On the front page of a hardline Iranian newspaper, he was the “Demon of Paris”. In the streets of Dhaka he was decried as a leader who “worships Satan”. Outside Baghdad’s French embassy, a likeness of Emmanuel Macron was burned along with France’s flag.
Rage is growing across the Muslim world at the French president and his perceived attacks on Islam and the prophet Muhammad, leading to calls for boycotts of the French products and security warnings for France’s citizens in majority-Muslim states.
The backlash has cut across an extraordinarily diverse Muslim world with a myriad of cultures, sects, political systems and levels of economic development. It has stoked historical and present-day grievances from the markets of Herat in Afghanistan to the upmarket neighbourhoods of Amman and the universities of Islamabad.
Tension has simmered since September when the satirical magazine Charlie Hebdo republished cartoons of the prophet Muhammad on the eve of a trial of 14 people accused of involvement in a terrorist attack against the publication’s offices in 2015 for publishing the same caricatures.
Charlie Hebdo risked further inflaming tensions with Turkey by placing a cartoon mocking president Recep Tayyip Erdoğan on the front page of its edition published online on Tuesday night. Erdogan’s top press aide, Fahrettin Altun, tweeted: “We condemn this most disgusting effort by this publication to spread its cultural racism and hatred.”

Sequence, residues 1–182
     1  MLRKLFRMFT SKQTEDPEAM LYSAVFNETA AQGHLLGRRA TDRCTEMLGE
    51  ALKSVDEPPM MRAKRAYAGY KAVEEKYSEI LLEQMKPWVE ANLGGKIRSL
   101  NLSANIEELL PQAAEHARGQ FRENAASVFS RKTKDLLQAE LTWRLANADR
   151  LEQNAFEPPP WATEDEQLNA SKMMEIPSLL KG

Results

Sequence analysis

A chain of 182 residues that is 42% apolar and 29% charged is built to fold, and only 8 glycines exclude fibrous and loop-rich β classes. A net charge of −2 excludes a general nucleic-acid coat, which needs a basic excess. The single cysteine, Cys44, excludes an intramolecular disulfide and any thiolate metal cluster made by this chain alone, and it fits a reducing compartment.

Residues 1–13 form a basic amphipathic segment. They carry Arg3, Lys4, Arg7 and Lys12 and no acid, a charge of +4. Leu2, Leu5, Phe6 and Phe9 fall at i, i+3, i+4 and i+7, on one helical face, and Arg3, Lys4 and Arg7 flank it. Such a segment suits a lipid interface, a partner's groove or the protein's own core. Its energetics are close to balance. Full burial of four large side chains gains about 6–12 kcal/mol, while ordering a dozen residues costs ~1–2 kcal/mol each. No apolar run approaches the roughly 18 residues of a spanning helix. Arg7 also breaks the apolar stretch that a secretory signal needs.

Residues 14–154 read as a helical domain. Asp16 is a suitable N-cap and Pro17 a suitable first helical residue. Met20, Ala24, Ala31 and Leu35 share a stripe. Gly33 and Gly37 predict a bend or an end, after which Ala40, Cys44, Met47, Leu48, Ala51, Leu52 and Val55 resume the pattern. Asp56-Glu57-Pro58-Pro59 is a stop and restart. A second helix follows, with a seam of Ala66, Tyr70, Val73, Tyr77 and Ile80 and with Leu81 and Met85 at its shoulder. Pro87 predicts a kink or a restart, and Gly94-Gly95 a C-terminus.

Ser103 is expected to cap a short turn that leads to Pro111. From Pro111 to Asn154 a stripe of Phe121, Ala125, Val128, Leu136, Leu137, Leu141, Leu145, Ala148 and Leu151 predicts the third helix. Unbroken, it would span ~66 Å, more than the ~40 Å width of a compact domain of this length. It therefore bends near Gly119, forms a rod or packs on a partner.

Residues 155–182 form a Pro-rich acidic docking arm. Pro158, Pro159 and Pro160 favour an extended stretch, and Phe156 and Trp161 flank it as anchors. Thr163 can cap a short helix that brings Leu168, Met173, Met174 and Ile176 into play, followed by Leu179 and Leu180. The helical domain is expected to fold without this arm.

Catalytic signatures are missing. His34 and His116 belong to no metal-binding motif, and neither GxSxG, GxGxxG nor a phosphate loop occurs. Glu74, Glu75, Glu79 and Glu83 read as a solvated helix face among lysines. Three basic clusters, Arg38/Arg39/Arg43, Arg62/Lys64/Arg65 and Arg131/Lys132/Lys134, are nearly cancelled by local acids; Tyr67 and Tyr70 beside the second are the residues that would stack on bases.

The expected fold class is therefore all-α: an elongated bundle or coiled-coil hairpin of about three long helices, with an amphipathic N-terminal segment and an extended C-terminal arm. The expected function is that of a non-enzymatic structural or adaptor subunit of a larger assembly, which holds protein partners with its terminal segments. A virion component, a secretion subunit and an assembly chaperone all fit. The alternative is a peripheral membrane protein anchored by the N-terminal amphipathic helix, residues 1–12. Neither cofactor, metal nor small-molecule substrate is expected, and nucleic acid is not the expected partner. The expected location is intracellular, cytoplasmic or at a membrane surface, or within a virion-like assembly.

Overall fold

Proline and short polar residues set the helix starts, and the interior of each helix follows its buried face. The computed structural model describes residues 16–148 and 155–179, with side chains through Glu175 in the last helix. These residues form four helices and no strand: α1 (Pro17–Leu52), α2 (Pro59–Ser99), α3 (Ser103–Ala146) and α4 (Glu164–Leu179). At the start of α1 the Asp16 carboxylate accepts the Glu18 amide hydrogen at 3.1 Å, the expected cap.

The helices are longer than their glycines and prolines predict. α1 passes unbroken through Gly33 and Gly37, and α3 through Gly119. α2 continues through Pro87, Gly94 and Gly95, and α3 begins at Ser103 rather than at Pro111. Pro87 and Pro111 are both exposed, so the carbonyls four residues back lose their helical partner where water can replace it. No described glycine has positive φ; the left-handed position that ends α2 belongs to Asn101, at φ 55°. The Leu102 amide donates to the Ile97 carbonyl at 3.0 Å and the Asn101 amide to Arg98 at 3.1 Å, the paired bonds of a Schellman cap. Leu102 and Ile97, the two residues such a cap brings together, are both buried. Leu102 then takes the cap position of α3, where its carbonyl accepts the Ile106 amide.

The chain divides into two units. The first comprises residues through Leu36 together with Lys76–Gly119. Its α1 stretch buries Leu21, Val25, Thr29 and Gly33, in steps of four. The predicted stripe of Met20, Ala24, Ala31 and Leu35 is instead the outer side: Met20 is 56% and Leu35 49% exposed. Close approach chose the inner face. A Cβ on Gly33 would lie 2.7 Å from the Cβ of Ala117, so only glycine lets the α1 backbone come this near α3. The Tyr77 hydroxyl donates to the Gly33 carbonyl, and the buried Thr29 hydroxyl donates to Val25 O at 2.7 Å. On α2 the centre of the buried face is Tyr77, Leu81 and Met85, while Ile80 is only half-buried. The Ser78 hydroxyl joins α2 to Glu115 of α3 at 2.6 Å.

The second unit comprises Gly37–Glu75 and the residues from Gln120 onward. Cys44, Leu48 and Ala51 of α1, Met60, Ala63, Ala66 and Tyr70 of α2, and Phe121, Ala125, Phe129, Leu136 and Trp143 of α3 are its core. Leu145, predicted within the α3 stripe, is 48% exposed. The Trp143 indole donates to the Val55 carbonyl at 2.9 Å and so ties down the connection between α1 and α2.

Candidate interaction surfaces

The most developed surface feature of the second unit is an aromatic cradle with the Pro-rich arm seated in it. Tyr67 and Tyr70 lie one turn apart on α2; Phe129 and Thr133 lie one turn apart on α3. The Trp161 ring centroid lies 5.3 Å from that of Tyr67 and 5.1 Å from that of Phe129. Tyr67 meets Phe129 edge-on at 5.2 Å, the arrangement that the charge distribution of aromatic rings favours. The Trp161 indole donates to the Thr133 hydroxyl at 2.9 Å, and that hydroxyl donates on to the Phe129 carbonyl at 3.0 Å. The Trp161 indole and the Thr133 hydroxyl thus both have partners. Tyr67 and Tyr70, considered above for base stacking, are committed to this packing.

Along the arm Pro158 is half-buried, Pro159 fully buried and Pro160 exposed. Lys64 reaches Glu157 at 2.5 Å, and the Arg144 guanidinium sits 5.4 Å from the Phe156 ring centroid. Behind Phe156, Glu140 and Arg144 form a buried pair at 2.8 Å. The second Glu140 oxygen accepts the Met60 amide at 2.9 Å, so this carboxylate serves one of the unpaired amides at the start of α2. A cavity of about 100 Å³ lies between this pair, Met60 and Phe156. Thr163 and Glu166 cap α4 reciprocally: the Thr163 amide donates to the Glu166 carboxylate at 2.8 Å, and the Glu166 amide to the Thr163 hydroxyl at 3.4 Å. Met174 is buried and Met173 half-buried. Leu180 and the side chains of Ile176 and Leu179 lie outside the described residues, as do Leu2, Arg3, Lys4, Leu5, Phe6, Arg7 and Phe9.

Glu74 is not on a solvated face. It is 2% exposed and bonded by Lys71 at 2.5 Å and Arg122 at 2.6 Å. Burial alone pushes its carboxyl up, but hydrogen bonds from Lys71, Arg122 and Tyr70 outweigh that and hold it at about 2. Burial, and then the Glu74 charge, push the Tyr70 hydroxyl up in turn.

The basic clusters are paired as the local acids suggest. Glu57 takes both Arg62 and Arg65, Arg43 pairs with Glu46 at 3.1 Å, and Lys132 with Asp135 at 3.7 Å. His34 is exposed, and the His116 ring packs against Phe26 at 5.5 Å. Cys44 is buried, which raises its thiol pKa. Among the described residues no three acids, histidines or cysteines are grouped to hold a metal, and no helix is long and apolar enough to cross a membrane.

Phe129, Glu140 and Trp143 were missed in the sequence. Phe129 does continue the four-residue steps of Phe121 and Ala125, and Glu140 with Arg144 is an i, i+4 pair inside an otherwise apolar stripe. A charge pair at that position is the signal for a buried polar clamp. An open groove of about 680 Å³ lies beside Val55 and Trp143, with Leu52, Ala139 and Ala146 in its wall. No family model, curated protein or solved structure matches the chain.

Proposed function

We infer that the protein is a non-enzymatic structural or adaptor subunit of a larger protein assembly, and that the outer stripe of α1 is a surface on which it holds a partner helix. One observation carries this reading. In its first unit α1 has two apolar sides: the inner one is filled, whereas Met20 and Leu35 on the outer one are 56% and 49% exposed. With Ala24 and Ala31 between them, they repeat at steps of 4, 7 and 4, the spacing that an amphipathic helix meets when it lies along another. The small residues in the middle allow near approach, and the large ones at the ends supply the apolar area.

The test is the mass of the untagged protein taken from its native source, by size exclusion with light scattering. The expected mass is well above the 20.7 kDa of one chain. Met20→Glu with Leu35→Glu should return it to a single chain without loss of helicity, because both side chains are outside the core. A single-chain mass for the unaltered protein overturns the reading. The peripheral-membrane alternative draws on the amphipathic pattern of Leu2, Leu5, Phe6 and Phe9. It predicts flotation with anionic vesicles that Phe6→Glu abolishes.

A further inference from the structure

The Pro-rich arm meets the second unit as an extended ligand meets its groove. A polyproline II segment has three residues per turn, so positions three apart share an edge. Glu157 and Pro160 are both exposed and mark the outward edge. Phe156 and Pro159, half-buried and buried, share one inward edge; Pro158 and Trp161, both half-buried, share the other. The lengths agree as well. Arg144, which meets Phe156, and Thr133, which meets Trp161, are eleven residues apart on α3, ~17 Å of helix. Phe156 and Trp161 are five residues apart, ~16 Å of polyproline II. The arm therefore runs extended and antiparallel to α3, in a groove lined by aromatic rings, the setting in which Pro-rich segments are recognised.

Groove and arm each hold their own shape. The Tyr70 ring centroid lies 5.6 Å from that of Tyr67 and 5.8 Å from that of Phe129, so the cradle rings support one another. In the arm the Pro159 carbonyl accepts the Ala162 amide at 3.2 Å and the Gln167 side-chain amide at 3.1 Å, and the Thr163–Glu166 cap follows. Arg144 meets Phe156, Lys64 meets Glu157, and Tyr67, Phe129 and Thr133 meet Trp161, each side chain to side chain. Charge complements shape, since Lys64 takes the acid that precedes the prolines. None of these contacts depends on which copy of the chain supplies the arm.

It was fuelled by a speech Macron gave earlier this month announcing his intention to fight “Islamist separatism”, in which he described the faith as one “that is in crisis all over the world today”, prompting objections from several Muslim leaders and commentators.
A fortnight later, the French teacher Samuel Paty was beheaded outside his school for showing his class the Muhammad cartoons. The murder, said to have been carried out by a young Muslim of Chechen origin, has prompted raids on several accused violent extremists and Islamic groups.
Several French cities responded by projecting caricatures of the Islamic prophet on the walls of buildings as a gesture of defiance and defence of secularism, and Macron told a vigil in Paris that his country “would not give up cartoons”.
The most recent protests were in the Bangladesh capital on Tuesday, where police estimated about 40,000 were involved in a demonstration organised by the country’s largest Islamist party.
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